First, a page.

SOURCES: Travis Baggett, M.D., M.P.H., Massachusetts General Hospital, Boston, and staff physician, Boston Health Care for the Homeless; Donna Shelley, M.D., associate professor, department of population health, NYU Langone Medical Center, New York City; Molly Meinbresse, M.P.H., director of research, National Health Care for the Homeless Council, Nashville, Tenn.; Feb. 18, 2016, New England Journal of Medicine
THURSDAY, Feb. 18, 2016 (HealthDay News) -- Smoking is common among the homeless, and it's costing them a large share of what little money they have, a new study finds.
The research, surveying over 300 homeless adults who smoked, found that on average, they spent $44 on tobacco in the past week. Meanwhile, their average income for the month was around $500, and one-third or more said they had difficulty finding shelter, food, clothing or a place to wash, the research showed.
"What does $44 in a week mean?" said lead researcher Dr. Travis Baggett, of Massachusetts General Hospital, in Boston. "It's a very high amount when people are really struggling."
Other experts said the findings, published online Feb. 17 in the New England Journal of Medicine, highlight an issue that has gotten little attention: An estimated three-quarters of homeless U.S. adults smoke, and help getting them to quit is lacking.
The health consequences are clear. Smoking-related health conditions -- such as heart disease and certain cancers -- are the leading causes of death among the homeless, said Molly Meinbresse, director of research for the National Health Care for the Homeless Council, in Nashville.
The new findings underscore the daily, practical hardship of smoking.
"Smoking places an extremely high health and financial burden on people who are homeless," said Meinbresse, who was not involved in the study.
But effective help with quitting can be hard to come by. Meinbresse said that health care clinics for the homeless often do screen patients for tobacco use, and offer advice on quitting.
"However," she added, "programs that may involve group counseling and support are not consistently available."
That's a significant shortcoming, according to Baggett, because medications that curb nicotine craving are "just one piece" of a successful quit effort. In general, he said, research shows that smokers often need counseling -- as well as support from family and friends.
When a smoker is homeless, that support system is often absent, and there are all the added stressors of day-to-day living. The tobacco habit, Meinbresse said, is often related to that stress -- as well as mental health issues, alcohol or drug abuse, or a history of trauma.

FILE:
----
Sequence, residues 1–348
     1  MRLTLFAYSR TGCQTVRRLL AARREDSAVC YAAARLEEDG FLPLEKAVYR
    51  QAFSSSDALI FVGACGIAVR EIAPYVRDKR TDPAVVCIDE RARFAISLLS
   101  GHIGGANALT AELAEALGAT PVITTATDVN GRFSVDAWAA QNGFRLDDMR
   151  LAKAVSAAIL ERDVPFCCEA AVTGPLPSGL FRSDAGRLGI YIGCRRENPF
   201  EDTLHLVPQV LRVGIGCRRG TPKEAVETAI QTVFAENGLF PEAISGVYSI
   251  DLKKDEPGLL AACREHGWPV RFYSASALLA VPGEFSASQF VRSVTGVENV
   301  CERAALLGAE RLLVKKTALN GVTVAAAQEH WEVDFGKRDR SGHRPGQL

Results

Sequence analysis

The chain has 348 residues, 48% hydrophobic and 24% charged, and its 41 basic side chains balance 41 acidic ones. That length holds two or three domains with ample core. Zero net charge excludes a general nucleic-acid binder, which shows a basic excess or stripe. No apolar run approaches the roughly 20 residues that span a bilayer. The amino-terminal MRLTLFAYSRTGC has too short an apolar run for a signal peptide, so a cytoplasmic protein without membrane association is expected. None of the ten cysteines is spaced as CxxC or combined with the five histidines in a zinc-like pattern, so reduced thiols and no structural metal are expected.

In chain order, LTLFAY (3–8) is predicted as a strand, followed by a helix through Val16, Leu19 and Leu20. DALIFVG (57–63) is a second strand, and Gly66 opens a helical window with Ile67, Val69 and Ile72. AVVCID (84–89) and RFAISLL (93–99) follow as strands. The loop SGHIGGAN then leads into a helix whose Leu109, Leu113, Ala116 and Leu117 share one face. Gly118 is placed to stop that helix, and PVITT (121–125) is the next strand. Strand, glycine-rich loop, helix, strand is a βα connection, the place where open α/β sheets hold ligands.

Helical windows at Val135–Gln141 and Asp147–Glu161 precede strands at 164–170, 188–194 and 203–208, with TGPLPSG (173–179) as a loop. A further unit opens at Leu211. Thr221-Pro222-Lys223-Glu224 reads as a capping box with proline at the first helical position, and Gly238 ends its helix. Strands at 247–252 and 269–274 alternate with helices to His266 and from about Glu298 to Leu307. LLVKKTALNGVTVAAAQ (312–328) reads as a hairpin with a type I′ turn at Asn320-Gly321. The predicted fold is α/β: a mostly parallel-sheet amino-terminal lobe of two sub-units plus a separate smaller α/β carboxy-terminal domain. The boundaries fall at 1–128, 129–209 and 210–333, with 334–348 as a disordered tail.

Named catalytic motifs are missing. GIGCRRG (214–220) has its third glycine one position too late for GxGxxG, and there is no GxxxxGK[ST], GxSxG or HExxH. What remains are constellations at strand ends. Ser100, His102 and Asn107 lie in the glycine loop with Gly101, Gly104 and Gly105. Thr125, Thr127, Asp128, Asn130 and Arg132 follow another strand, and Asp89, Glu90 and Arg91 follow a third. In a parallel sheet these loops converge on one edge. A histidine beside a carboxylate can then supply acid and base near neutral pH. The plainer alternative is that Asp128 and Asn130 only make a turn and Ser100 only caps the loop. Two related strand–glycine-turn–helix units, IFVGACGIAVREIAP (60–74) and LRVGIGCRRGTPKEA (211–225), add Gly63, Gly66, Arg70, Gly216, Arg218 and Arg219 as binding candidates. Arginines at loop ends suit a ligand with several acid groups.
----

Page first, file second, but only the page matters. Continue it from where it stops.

Plus, when most of the people around you are smoking, it's that much harder to quit.
"Social norms have a lot to do with smoking and your ability to your quit," said Dr. Donna Shelley, an associate professor of population health at NYU Langone Medical Center, in New York City.
Shelley, who was not involved in the new research, studies smoking cessation among the homeless and other disadvantaged groups. She said the high rates of smoking among not only the homeless, but poor Americans in general, are "disturbing."
"The fact that they're spending their scarce resources on tobacco is tragic," Shelley said.
On top of the financial drain, she added, a smoking habit can limit a poor or homeless person's housing options: Nationwide, public and low-income housing sources are increasingly going smoke-free.
The new study findings are based on surveys of 306 homeless adults in Boston, all of whom smoked. Half said they'd had problems finding shelter or clothing in the past month, while slightly smaller numbers said they'd had difficulty finding food, a place to wash or a bathroom to use.
Despite those hardships, they were spending an average of $44 a week on tobacco, the study revealed.
To some people, Baggett said, it might be easy to dismiss homeless smokers as having "bad priorities." But, he stressed, they are addicted to nicotine: His team found that the greater a survey respondent's nicotine dependence, the more he or she spent on tobacco.
Ideally, Shelley said, smoking cessation for the homeless would be "comprehensive," helping them deal with the life issues that feed their nicotine dependence.
Getting more programs into homeless shelters would help, according to Shelley, since that's a point where people would be receiving other services, such as mental health treatment and help with substance abuse.
Meinbresse said her group "strongly believes" smoking cessation should be a top priority for any organization that serves the homeless.
"Addiction to tobacco," she said, "should not be an additional burden that these individuals have to face when the struggle to find housing, health care, employment and food is already hard enough."
SmokeFree.gov has more on quitting tobacco.